Thursday, September 7, 2023

Every Day Beauty

Looking west, toward the sunset

This summer, a daughter who had lost her mom unexpectedly asked people to send photos of the sunset. Her mom grew up in Stafford and had maintained her ties with her hometown, my PEO group and our church.

I made a mental note to pay attention as the evening progressed so I could go out and honor this family's wish for their mom/wife/grandma.

For awhile, I thought a rain shower was going to derail my plans. We need the rain, so it was welcome anyway. But as the sun was setting, the sky cleared enough for a beautiful sunset. Later, as I've examined the photo more closely, I'm reminded of a song that meant a lot to me when my mother-in-law, Marie, died unexpectedly. It is called Holes in the Floor of Heaven by Steve Wariner. It's told from the perspective of an 8-year-old boy, which was Brent's age at the time of Marie's death. (Jill was 11, so our granddaughters are that age right now. Brooke just turned 9 on Monday.) Anyway, when I look at the right side of the sunset, it looks like holes in the floor of heaven. I hadn't heard that song for years when it began playing as I drove to town for Brent's homecoming assembly his senior year of high school. It was like a God wink that day.

On the Facebook post, I wrote:

We had a storm a little earlier. This was as the sun was setting on the Stafford/Reno line. I thought about how you are currently going through a storm, but there is still light breaking through. I will pray that for all of you. 💜
When I turned to look at the sky to the south, I found it compelling in a different way.

As is usually the case, the view was dependent upon where and when you looked. Isn't that a metaphor for life itself?

At sunset isn't the only time you can look at things differently. In July, I noticed a sunflower field blooming south of 4th Street Road, which we take to and from Hutchinson. It was worth a short detour for a closer look.

From afar, the sunflowers looked like soldiers at attention. 

But a closer look revealed some differences. This one wasn't quite ready for its closeup, even though its neighbor was preening in the sun.

 Others were already starting to dry down and starting to wilt.

Sunflowers grown as crops for seeds and oil don't stay pretty long. These days, there's not a yellow head to be found.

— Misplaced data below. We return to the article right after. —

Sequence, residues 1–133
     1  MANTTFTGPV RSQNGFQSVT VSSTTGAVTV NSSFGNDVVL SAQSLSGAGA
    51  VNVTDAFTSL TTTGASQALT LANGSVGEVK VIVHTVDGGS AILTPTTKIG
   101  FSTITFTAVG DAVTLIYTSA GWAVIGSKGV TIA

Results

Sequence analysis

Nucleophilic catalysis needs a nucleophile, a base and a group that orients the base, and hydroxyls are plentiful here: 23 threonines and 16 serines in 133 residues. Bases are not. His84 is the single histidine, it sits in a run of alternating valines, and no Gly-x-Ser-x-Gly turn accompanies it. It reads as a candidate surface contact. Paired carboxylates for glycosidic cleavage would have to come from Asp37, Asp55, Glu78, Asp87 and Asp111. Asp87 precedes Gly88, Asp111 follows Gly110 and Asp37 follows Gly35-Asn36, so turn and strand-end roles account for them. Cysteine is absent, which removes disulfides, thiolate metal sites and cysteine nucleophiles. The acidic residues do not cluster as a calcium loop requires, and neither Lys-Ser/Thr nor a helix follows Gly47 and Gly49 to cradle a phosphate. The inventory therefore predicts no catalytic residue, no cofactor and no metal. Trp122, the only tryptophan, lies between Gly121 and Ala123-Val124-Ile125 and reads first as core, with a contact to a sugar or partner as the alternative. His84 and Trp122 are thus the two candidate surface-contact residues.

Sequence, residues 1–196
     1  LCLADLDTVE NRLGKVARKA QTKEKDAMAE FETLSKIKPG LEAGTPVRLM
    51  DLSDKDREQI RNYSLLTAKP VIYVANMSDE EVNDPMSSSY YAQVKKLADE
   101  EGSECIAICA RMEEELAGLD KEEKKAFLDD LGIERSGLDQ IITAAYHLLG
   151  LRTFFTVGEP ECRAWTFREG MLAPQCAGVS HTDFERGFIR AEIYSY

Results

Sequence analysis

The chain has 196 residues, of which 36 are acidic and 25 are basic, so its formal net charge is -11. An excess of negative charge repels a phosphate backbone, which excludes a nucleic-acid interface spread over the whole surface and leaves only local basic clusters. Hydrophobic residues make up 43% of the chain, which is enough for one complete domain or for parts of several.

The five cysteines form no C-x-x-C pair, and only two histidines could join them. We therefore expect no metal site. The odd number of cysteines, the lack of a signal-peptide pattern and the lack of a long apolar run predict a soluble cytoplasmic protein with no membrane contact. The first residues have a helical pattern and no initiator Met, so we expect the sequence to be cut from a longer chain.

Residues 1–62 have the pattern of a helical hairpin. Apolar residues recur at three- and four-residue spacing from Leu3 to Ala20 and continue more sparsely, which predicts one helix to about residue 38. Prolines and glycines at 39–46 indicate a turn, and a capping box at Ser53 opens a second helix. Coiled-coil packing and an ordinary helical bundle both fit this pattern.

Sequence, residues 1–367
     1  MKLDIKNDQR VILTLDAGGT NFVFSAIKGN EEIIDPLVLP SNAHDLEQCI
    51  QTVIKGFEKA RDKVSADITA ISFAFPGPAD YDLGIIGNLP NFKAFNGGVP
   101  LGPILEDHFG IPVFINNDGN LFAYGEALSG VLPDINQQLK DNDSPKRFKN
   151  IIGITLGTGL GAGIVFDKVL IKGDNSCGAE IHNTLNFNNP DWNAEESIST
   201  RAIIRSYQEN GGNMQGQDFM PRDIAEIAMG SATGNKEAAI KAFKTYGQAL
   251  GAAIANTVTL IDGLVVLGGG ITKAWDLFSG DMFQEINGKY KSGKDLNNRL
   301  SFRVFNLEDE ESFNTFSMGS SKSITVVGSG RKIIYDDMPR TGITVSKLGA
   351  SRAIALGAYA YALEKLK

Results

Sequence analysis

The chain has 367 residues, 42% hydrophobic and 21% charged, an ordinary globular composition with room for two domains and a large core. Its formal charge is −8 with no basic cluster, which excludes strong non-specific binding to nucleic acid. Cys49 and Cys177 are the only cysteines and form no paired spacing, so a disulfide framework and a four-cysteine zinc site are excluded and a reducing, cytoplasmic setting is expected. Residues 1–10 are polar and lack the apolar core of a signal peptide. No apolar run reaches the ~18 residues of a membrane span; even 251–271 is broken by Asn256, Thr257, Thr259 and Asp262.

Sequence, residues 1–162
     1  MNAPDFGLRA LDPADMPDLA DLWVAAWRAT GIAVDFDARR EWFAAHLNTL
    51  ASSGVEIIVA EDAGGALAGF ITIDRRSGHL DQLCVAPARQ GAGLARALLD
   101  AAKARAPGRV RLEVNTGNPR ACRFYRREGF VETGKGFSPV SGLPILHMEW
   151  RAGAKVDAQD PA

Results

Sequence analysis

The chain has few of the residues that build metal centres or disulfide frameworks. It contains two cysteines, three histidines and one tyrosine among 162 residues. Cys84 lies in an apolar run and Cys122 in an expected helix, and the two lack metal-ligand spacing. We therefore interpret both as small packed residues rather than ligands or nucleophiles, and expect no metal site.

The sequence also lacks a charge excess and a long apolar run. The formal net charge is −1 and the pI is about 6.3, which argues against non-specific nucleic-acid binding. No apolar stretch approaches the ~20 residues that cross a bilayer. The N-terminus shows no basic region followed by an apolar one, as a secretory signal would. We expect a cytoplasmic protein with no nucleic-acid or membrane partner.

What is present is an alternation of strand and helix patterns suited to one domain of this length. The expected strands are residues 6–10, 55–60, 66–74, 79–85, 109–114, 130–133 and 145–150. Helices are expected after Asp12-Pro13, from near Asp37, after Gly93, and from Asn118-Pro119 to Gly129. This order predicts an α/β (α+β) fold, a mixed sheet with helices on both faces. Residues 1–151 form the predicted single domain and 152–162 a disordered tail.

But I don't have to drive down the road to realize that beauty can be fleeting. The day lilies in our backyard brighten our days while they bloom each summer. 

But they, too, bloom in their own season and then fade until they return the next year.

 The corn field across the road looked so green and vibrant in late June.

Earlier this week, our neighbor cut the corn. All that was left at sunset were the stalks.

Not a great photo and not a sensational sunset. But I guess it still illustrates the difference in just a couple of months.

 These fleeting moments remind us to appreciate the little things as they come.

I thought about it again as I contemplated what to play on the piano at church this Sunday for prelude, offertory and postlude. I always try to tie the music with the Bible readings and liturgy. In those efforts, I look at a UMC Discipleship website for inspiration. In the materials this week, it talks about God sightings. 

We are the ones who are trying to be tuned into God’s wavelength, listening to God’s broadcast. Therefore, we look for the signs that God is at work in and around us always. ... We might be surprised by where and from whom we encounter God’s presence when we open our eyes to what is around us. We are more than passive observers, however. We are active presenters, active signs of God’s presence in the world. We commit ourselves again this week to presenting the goodness of God in the world around us. We do that best by how we care. We care for one another and seek reconciliation whenever possible. We care for God’s people everywhere by giving and helping and loving. ... We care and are called to care as a way of being a sign of God’s care for creation. What is the sign? It is us. 
Rev. Dr. Derek Weber, Director of Preaching Ministries from UMC Discipleship Ministries

 Let’s come before him with thanks! Let’s shout songs of joy to him!

—Psalm 95:2

A Time to Think

All the world is an utterance of the Almighty. Its countless beauties, its exquisite adaptations, all speak to you of Him.     –Phillips Brooks, clergyman and author

A Time to Pray

Dear Lord, please help me to see the beauty of every day. 

From the Daily Devotional email from Guideposts



  1. Your day Lilies along your wall couldeasily be a photo of Kim and Stuart's wall. They are certainly short lived beauties.

    1. Every time they bloom, I think of Katherine, who sold us this house 38 years ago. She is the one who planted them alongside the old wash house in the backyard.

  2. I just love daylillies and have them in every flower bed in my yard! Thanks for sharing yours, they really lit up my morning here at work.